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Career Watch: A new perspective on older workers

Jamie Eckle | March 21, 2011
The managing director of the Dallas office of executive search firm Stanton Chase International discusses changes in prospects for older workers.

An example from my practice is a start-up business that is looking for a vice president of sales and is seriously looking at an experienced candidate whose age is around 60 and who has industry contacts, knows the distribution channels and can build a high-performing team quickly. The client's interest in the more experienced candidate is to get revenue, new customers and a team quickly.


More Older Americans Are Working

The percentage of Americans age 55 or older who are in the labor force has been on the rise since 1993 and in 2010 exceeded the percentage recorded in 1975. For older workers who haven't reached retirement age, the higher rate of labor participation can be attributed to an increase the number of women in the workforce. But the percentages of both men and women in the workforce who are 65 or older has grown. Education level has a strong correlation with a higher labor-participation rate.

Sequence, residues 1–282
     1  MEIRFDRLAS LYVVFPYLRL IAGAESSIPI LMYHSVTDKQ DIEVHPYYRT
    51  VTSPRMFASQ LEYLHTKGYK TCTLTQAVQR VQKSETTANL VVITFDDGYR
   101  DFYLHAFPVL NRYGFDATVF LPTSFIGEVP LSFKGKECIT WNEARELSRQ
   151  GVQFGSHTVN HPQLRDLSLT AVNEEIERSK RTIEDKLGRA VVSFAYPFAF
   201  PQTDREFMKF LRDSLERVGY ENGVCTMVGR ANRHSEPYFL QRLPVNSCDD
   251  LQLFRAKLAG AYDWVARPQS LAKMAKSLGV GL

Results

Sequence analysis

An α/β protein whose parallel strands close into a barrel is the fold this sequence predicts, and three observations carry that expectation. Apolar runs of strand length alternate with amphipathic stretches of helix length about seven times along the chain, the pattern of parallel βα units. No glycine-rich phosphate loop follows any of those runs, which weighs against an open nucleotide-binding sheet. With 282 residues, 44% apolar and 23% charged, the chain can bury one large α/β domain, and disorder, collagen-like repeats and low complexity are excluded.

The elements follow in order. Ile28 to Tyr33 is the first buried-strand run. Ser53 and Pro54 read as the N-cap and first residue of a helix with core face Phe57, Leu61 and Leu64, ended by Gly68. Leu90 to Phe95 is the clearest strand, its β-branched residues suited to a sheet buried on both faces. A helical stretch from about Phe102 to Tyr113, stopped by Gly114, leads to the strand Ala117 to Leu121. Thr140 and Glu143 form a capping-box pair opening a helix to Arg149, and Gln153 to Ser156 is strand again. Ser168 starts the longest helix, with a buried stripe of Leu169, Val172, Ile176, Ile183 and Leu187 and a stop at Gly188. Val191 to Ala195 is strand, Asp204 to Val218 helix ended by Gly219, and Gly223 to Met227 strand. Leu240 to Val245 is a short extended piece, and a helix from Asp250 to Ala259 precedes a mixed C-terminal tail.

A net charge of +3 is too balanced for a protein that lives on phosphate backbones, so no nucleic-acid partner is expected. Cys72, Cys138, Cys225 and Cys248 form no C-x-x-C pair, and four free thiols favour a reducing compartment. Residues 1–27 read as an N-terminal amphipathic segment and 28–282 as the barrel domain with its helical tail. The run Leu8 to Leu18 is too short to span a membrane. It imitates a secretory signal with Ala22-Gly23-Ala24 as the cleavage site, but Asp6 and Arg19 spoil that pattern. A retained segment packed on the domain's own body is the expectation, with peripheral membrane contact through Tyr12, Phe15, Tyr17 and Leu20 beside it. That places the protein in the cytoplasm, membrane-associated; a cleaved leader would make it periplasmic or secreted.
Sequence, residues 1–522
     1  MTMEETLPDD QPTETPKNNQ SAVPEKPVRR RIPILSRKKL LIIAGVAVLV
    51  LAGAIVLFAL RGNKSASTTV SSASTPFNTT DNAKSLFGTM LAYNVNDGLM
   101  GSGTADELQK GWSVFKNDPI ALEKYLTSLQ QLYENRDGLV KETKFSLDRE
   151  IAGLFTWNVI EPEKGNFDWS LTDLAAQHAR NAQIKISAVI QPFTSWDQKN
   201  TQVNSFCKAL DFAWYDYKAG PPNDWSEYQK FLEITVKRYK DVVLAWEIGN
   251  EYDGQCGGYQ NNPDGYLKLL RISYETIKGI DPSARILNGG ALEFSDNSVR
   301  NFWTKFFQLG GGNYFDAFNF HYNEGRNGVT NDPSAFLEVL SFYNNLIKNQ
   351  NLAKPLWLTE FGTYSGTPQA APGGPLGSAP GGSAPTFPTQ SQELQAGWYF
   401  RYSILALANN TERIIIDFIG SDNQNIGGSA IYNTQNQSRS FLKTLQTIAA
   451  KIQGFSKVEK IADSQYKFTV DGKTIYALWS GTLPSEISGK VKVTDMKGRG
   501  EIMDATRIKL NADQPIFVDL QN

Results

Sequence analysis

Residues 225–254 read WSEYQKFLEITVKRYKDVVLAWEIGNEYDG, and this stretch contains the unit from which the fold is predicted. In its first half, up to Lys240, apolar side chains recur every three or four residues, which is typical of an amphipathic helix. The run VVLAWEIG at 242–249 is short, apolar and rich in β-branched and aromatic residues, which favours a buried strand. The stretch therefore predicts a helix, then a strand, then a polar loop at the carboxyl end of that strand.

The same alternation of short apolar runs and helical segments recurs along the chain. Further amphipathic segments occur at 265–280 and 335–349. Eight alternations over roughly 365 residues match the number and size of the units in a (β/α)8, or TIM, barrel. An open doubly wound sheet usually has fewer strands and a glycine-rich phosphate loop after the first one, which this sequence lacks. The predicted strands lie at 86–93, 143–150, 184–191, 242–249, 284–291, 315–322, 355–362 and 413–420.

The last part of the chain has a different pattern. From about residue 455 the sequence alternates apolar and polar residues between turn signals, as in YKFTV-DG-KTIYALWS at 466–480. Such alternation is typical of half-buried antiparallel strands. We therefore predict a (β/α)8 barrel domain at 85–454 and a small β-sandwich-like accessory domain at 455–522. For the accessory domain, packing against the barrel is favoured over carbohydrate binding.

Where the Jobs Are: Healthcare


Number of additional healthcare IT workers that will be needed in the U.S. over the next five years, according to the Office of the National Coordinator for Health Information Technology.

As hospitals gear up for full implementation of electronic health record systems, they are facing a significant shortage of qualified IT personnel. Accenture conducted a study on EHR implementation and concluded that the push for electronic records will require one full-time healthcare IT worker for every five hospital beds. That translates into a need for roughly 155,000 full-time healthcare IT workers in the U.S., which is some 45,000 more than the current number of IT professionals in healthcare, according to a Gartner estimate.


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